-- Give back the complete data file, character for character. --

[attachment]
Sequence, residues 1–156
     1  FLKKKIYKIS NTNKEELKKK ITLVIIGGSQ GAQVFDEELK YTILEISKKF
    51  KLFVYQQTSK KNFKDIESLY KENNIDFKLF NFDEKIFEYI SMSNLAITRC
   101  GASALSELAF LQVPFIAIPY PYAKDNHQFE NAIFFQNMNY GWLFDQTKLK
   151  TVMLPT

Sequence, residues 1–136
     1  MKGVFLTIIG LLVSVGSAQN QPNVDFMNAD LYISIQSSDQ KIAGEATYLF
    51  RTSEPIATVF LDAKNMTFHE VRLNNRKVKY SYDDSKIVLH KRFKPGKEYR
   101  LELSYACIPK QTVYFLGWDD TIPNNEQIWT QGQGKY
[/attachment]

Sequence, residues 1–156
     1  FLKKKIYKIS NTNKEELKKK ITLVIIGGSQ GAQVFDEELK YTILEISKKF
    51  KLFVYQQTSK KNFKDIESLY KENNIDFKLF NFDEKIFEYI SMSNLAITRC
   101  GASALSELAF LQVPFIAIPY PYAKDNHQFE NAIFFQNMNY GWLFDQTKLK
   151  TVMLPT

Sequence, residues 1–136
     1  MKGVFLTIIG LLVSVGSAQN QPNVDFMNAD LYISIQSSDQ KIAGEATYLF
    51  RTSEPIATVF LDAKNMTFHE VRLNNRKVKY SYDDSKIVLH KRFKPGKEYR
   101  LELSYACIPK QTVYFLGWDD TIPNNEQIWT QGQGKY